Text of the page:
Water Journal : Water Journal May 2012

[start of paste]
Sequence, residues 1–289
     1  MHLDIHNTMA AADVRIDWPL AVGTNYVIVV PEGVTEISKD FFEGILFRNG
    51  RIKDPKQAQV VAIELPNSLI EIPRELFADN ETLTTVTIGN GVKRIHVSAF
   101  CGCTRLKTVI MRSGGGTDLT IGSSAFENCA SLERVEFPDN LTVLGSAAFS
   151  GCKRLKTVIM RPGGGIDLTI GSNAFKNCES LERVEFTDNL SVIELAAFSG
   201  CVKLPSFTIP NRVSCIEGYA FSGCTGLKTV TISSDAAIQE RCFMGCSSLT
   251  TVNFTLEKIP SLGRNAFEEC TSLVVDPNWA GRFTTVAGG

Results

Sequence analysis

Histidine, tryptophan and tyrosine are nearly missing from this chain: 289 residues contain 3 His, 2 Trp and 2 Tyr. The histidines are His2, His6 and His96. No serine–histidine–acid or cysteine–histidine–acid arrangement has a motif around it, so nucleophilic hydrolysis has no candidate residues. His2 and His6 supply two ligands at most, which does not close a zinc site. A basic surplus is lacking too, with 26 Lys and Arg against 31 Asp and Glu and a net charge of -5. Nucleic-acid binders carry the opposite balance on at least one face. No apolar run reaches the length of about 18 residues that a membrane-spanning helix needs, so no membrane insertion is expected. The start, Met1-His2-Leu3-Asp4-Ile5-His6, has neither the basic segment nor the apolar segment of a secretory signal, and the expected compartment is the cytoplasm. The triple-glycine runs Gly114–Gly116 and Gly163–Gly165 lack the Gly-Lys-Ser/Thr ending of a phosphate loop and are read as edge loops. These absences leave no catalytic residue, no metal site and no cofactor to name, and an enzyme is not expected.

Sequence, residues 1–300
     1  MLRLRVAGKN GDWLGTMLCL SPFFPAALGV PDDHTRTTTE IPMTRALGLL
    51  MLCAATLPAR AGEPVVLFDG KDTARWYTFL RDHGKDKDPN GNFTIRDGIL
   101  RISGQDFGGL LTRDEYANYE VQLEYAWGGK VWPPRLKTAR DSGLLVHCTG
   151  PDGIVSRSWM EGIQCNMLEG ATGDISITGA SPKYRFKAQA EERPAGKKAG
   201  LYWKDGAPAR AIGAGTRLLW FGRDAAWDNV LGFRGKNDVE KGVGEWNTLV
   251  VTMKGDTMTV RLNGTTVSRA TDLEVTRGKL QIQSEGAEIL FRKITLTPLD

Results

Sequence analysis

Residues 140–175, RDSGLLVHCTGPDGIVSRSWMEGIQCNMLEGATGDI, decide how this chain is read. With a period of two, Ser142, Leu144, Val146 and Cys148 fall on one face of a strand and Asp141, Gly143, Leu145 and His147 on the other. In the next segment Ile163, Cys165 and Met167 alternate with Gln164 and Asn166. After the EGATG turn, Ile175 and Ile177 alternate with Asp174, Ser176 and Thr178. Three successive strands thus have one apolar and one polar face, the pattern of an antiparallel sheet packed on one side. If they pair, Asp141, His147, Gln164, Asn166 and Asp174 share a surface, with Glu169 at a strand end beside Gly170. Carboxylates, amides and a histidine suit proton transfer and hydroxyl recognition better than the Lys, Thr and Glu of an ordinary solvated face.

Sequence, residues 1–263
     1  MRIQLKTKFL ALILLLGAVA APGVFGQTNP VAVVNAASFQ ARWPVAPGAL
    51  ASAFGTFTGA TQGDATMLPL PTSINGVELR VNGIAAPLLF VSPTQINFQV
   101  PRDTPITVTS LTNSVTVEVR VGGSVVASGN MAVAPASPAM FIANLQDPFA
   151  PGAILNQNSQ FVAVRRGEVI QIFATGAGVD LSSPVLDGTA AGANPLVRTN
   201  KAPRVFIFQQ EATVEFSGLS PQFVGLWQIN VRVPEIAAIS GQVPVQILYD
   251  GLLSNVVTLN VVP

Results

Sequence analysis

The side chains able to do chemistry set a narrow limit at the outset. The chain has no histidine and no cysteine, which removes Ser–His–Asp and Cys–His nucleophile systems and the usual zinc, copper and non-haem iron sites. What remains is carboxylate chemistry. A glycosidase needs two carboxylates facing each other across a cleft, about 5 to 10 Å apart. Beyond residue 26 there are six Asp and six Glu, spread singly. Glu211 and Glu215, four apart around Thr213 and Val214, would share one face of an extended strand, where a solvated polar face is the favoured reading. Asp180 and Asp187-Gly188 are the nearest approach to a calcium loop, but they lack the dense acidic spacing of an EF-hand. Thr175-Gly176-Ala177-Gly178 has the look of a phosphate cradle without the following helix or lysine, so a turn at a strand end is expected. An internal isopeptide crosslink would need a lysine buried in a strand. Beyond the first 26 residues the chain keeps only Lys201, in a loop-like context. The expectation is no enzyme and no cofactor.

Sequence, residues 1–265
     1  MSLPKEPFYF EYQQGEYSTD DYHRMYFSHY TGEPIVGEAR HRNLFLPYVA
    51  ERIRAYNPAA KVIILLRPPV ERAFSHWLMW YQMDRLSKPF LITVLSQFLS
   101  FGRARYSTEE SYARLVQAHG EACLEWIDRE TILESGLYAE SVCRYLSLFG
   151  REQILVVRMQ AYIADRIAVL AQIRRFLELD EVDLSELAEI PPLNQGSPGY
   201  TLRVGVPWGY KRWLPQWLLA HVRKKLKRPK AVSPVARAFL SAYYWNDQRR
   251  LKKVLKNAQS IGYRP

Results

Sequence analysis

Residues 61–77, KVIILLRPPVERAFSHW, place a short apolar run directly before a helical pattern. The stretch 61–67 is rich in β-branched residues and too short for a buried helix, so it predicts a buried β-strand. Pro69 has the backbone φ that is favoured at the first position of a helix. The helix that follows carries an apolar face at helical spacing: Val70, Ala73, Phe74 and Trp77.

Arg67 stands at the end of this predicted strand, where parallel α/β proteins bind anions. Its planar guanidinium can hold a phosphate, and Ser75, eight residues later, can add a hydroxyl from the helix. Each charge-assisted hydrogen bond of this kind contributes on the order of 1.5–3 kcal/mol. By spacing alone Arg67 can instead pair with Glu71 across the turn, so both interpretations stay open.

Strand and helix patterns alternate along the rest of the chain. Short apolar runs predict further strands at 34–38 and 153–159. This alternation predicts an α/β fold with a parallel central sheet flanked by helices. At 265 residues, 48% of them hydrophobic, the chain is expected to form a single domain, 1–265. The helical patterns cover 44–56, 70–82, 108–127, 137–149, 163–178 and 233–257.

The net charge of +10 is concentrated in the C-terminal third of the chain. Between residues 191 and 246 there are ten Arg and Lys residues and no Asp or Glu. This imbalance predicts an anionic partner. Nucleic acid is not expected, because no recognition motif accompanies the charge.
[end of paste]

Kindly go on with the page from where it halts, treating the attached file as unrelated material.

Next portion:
44 MAY 2012 water feature articles public address Moving Away from the Political Tug O' War As the debate still rages over the proposed Murray-Darling Basin Plan, the following speech made last month by MDBA Chair Craig Knowles to the Farm Writers' Association of NSW outlines the main points of contention and concedes that you can't please all of the people all of the time. We are now at the pointy end of the development of a Plan for the Murray-Darling Basin. Right now, the various and disparate groups who either want to stop the plan dead in its tracks or who want to argue that the plan doesn't do enough, are jockeying for position as we begin to turn for home. The States are in there arguing their traditional cases: South Australia threatening High Court action, demanding more water; NSW and Victoria arguing that no more be done because of the inevitable social and economic impact. And it's exactly why the Basin Authority needs to exist. Let me start with three simple assertions: 1. The worst possible outcome is that there is no plan -- that is, the status quo prevails; 2. The risks associated with what we propose in our Draft Plan will be far less than the uncertainty and risks associated with no plan; 3.Weneedtomakeastartanddoitinawaythatletsuscheck how we are travelling as we go along. Over the past 12 months, we've travelled across the Basin to cities and towns to meet with many thousands of individuals, groups and governments who have an interest in how water is managed in the Murray-Darling Basin. It won't surprise you to learn that the disparity of views and the political tug-o-war over the Basin's water resources remains well and truly entrenched after a century of failure to find agreement. We've heard good ideas about how we can do things better. We've heard concerns about how changes will affect industries and communities. And we've heard arguments as to why there should be either more or less water recovered for the environment. Situation normal! And while we can take on board many of the ideas and suggestions we have heard, with such disparate views, we recognise we will never meet all the needs and wishes of every individual, group and government. Interest groups and governments will continue to fight for what they want, and "experts" will continue to produce studies and arguments to support their claims. But at the end of the day, this is not about satisfying interest groups or lobbyists or even the individual demands of the State and Territory Governments. It's about building a balanced model to manage the Basin -- keep it in good health, make it more resilient for the next inevitable drought and underpin its capacity to continue to produce food and fibre. It's also recognising we have to manage in a context. Mostly for good reason, we as Australians have altered the natural state of the Murray--Darling Basin. We've built dams on our rivers and bridges across them. We've built towns on flood plains and it's the flood plains where we grow our food and fibre crops. Our plan recognises these changes. They are real. They form a part of our National Circumstance. Our plan does not attempt to take us back to pre-European times. For some that's a disappointment. For most of us it represents the reality of the altered state of the Basin. The alterations have created legitimate and, indeed, legal constraints to water management and water flow regimes. We manage within those constraints. We also recognise that constraints can change and that there are many different ways of managing water to achieve similar outcomes. It's why we argue the need for an adaptive management approach -- that is, an ability to apply new knowledge over time and be willing to change as information and evidence might suggest. And, it is why we reject the simplistic notion that a plan for the Murray-Darling Basin is just about a volume of water. Let me assure you, if this were just about a volume of water, be it 4,000GL, 2,750GL, 2,000GL, or indeed any other number, there would be no need for a plan for the Murray-Darling Basin. All that would be required is for the Commonwealth Government to stand in the market with its cheque book and buy the required amount -- they don't need a plan to do that, and it's the cheapest cost option -- buy licences, take water out of communities, not invest in infrastructure, and not pursue opportunities to get smarter with how we use the precious resource. Of course what happens next, in such a scenario, would be potentially catastrophic for the social and economic fabric of the Basin, the productivity capacity of our Nation, and the environmental health of our rivers and wetlands throughout the Murray-Darling. It's why we argue for a package that has a bias toward infrastructure investment, a more efficient rules framework, an adaptive change process with time to implement and check points along the way. There are some who argue that infrastructure options are too expensive and that buyback is the only way to go. "No Plan" delivers that result. What "No Plan" also means is that we are stuck with the divergent water management regimes of the State and Territory Governments with no coordination and no level playing field, but with the added overlay of the Commonwealth purchasing water through its buyback program. We know, as John Howard did, that the State-based management models have passed their "use-by" date. Tony Windsor's Inquiry also highlighted that the multitude of rules, operating procedures, barriers to trade, and multiple water products built up over 150 years is less than efficient.
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